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    5 things employers should know about prescription painkiller use
    Canadian Occupational Safety
    Twenty-three percent of the workforce has misused prescription painkillers, found the National Survey on Drug Use and Health, making opioid use a serious threat to employee safety. "Most employers understand how detrimental illegal drugs can be in the workplace, but few recognize the toll of the prescription painkiller epidemic," said Deborah Hersman, president and CEO of NSC. Even when employees are taking opioid painkillers at the correct dosage with a valid prescription, subtle impairment may compromise workplace safety.
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    Employers take to meditation as a perk in relaxing staff
    Employee Benefit News
    Meditation is not just some quirky, hippy philosophy; it is actually grounded in physiology. Some companies have taken these benefits so seriously that they have dedicated quiet rooms within the office so employees can meditate.
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    Depression and stress are killing productivity
    Government Executive
    In a hypercompetitive global economy, organizations must be "on" 24/7. Yet this scramble for perpetual performance is taking a harsh toll on employees. They relentlessly push to get ahead and stay ahead — working longer days, emailing after hours, taking fewer vacations — often with little acknowledgment for their efforts. The result is a workforce that's not just disengaged (Gallup's 2013 State of the American Workplace report revealed that 70 percent of U.S. employees fall into this category), but also stressed and depressed. And here's the irony, the constant hustle aimed at increasing productivity and profitability actually decreases both. And since there's a stigma around mental health issues, people aren't seeking help.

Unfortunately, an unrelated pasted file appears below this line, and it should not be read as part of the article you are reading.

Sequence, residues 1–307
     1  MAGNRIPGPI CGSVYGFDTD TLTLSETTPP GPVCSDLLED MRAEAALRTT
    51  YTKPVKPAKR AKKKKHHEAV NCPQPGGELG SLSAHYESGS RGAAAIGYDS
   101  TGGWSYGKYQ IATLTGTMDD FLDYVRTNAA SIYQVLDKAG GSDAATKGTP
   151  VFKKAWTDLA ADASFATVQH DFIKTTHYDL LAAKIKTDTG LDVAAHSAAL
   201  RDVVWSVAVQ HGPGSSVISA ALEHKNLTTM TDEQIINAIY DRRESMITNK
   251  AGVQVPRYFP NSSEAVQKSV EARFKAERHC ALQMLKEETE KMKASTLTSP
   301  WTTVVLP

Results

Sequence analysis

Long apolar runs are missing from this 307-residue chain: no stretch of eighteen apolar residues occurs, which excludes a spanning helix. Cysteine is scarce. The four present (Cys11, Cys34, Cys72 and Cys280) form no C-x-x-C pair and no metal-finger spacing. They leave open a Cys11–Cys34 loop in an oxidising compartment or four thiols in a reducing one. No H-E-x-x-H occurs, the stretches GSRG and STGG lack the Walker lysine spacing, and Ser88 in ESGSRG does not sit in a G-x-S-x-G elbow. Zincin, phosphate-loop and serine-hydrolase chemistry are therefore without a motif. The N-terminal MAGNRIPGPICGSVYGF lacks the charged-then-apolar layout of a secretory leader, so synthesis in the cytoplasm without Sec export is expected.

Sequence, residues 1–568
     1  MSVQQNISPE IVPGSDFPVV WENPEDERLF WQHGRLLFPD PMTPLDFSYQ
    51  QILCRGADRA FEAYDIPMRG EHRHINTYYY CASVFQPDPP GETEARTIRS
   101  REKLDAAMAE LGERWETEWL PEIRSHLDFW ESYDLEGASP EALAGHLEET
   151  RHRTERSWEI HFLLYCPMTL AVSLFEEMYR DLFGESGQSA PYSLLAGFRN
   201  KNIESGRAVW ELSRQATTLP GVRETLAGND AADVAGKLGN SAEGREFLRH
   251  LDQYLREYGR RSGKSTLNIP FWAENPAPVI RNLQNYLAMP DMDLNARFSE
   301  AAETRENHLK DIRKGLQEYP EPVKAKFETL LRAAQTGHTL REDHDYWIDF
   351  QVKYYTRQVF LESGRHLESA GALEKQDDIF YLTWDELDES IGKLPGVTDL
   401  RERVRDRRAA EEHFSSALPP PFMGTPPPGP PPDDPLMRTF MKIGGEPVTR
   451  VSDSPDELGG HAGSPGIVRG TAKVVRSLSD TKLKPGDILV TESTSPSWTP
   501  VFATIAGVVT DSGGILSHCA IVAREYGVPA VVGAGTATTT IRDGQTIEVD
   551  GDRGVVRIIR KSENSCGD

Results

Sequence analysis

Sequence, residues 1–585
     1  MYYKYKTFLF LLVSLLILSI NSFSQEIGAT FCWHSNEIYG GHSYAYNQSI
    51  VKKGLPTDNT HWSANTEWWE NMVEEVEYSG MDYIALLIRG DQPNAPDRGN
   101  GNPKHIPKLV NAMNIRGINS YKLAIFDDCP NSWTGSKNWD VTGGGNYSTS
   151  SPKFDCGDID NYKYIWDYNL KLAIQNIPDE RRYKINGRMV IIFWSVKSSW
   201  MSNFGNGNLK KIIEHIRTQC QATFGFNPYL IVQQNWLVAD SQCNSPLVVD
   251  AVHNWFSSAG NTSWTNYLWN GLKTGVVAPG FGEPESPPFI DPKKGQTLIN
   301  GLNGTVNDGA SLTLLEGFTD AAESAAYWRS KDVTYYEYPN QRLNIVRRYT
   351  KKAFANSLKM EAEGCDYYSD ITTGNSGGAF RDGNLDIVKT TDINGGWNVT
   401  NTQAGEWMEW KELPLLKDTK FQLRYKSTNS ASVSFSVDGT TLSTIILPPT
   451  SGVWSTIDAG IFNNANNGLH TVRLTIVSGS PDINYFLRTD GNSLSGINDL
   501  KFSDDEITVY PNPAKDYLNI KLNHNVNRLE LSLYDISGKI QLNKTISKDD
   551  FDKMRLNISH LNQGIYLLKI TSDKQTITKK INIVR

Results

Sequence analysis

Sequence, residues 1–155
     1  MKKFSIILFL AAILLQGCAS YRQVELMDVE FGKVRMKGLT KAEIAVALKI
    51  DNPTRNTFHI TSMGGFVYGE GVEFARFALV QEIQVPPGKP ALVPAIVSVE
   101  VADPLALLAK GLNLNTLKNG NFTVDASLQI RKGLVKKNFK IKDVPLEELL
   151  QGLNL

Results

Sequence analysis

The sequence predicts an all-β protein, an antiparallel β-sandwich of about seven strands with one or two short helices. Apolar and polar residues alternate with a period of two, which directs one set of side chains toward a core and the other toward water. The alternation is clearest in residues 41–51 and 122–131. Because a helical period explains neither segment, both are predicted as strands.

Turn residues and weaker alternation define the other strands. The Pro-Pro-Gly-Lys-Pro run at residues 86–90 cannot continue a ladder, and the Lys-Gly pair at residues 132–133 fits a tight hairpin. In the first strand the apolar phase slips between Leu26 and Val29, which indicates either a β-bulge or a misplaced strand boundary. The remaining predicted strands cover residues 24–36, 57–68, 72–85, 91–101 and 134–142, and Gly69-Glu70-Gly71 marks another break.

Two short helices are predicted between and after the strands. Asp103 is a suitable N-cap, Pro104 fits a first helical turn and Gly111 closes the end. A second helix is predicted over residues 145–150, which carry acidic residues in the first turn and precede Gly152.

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    Study: Alcohol and energy drink combo may increase urge to drink
    University Herald
    Adding alcohol to energy drinks may lead to an increased urge to drink, according to a recent study HealthDay reported. Researchers found that combining energy drinks with alcohol increases people's desire to keep drinking more than if they drank alcohol alone.
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    Annual economic cost of alcohol and illicit drug misuse to Australia estimated at $23.7 billion
    Business Insider
    As an employer or a work colleague, would you know if someone in your workplace was struggling with an alcohol or other drug problem, or a mental illness, or both? In severe instances the warning signs might be obvious. However, people often don't reach out for help at work, meaning addiction may not be identified as the cause of their lower productivity, sick days or erratic behavior.
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    Why farmer suicide rates are the highest of any occupation
    The Huffington Post
    The next time you're munching on that delicious corn or eating something that comes from a farm, think about this: Suicide rates in farmers are the highest of any occupation. That's an alarming statistic. So large are the number of farmer suicides that Max Kutner of Newsweek (April 10, 2014) has called it an international crisis. It's a case where the job can kill you.